Off the grid

'He had one question: Have you been in contact with the outside world?' Also 7 other things worth your time.

Almost two months ago—just before the apocalypse—I hung out with a good friend from college. We only see each other once or twice a year now, and he was telling me about a trip he took last summer.

This friend is now a Boy Scout leader (man, we’ve changed since college!), and he led a group of young kids on a canoeing and portaging trip up in Minnesota. (For my non-American readers, there are something like, 10,000 lakes in Minnesota.)

I’m trying to remember how long they were gone: 10 days? Maybe more?

Anyway, it sounded like a lot of fun—the canoeing, sure, but also the idea of truly being unplugged for a few weeks. I can’t remember the last time I went without my phone for more than a day, and I thought about it a lot afterward.

Now, imagine if the trip had been right now — like, suppose you’d been out of contact with everyone else—no texting, no Internet (♫ no phone, no light, no motor car♫)— for a few weeks, maybe starting around February 19.

How strange would our brave new world would look upon your return?

Zach Edler and about a dozen or so of his friends did just that. They went on a 25-day rafting trip on the Colorado River and through the Grand Canyon trip right then—and emerged to find the whole world had changed (New York Times, $):

By last Saturday, March 14, as they took the last paddle strokes of their journey, Mr. Edler and his friends were some of the last people on the planet unaware that the novel coronavirus had exploded into a once-in-a-generation pandemic, setting off a global health and economic crisis and shutting down large parts of American life.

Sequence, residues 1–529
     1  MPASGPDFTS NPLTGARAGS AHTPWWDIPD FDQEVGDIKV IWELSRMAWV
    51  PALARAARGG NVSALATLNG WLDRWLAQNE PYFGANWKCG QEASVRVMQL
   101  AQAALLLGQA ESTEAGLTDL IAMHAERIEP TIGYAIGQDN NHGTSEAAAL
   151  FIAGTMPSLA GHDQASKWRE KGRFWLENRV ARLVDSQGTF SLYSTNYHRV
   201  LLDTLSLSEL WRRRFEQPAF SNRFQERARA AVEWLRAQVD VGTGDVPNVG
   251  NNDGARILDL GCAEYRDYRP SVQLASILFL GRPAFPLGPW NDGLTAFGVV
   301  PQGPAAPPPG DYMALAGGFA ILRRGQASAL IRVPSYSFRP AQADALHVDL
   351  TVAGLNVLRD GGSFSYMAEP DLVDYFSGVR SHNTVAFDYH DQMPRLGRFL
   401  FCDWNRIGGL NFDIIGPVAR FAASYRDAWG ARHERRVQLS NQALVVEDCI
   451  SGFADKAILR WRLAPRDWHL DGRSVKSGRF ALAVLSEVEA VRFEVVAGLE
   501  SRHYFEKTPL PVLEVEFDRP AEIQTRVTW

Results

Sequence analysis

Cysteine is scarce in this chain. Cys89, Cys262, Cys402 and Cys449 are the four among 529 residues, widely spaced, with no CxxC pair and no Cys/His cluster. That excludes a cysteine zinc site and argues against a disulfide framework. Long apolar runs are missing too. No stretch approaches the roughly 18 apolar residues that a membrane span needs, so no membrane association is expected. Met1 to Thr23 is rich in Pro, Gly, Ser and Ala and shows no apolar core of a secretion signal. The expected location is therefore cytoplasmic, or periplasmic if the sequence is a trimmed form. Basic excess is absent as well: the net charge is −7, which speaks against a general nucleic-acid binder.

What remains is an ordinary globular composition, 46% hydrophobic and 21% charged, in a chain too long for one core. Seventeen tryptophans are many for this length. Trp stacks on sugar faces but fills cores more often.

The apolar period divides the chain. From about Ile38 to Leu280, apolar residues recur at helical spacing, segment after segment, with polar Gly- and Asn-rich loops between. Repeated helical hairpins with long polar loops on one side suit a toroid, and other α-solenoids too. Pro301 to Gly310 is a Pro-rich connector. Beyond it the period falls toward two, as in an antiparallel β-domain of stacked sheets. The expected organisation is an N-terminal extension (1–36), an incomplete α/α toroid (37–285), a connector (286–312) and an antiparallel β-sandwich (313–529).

In moments, the man waving to them from the banks of the river would tell them that the world they were returning to looked vastly different. … He had one question: Have you been in contact with the outside world?

They hadn’t. [T]he friends hadn’t heard anything in more than three weeks. No cell service. No news. Not even a passing dispatch from fellow travelers.

When I first read that Times article (by Charlie Warzel), I thought wow, it would be such a shock to emerge into this new reality.

But truly, how different would it be? It’s been a shock for all of us.

On March 3, I was writing blithely that I hoped the whole thing would be wrapped up so I could see a concert in New York City this Friday. (Update: I am not going to a concert on Friday.)

A week later I was amazed at the idea that Italy was in lockdown.

We’re not quite 100 percent there yet in the United States, but we’re getting close—well, except for the few who are still enjoying spring break.

And it’s all happened so quickly. We’re all a little shell-shocked. Lots more to talk about right here.

Got something to say? Click here to comment on this story.

7 other things worth your time

  • The White House is proposing a $1 trillion stimulus package including two means-tested payments to U.S. families, in April and May. (The Washington Post $)

  • GM and Ford are talking with the White House about making ventilators in their shuttered automobile plants. (Axios)

  • The New York Stock Exchange will close its trading floor and move to electronic trading, after yet another very rough day. (CNBC)

  • Our heroes right now: Truckers. (Wall Street Journal)

  • Also, supermarket workers. (Daily Mail—this article is about Australians, but it’s the same here.)

  • The shortage of medical masks is so acute that the CDC is advising doctors and nurses to use bandanas and scarfs “as a last resort.” (CDC)

  • You might have seen this elsewhere but just in case: the WHO says don’t take ibuprofen for COVID-19 symptoms. (Science Daily)

  • Two U.S. Senators are pushing for all 50 states to allow no-excuse voting by mail. Meanwhile, two members of Congress have tested positive for COVID-19. (The Hill)

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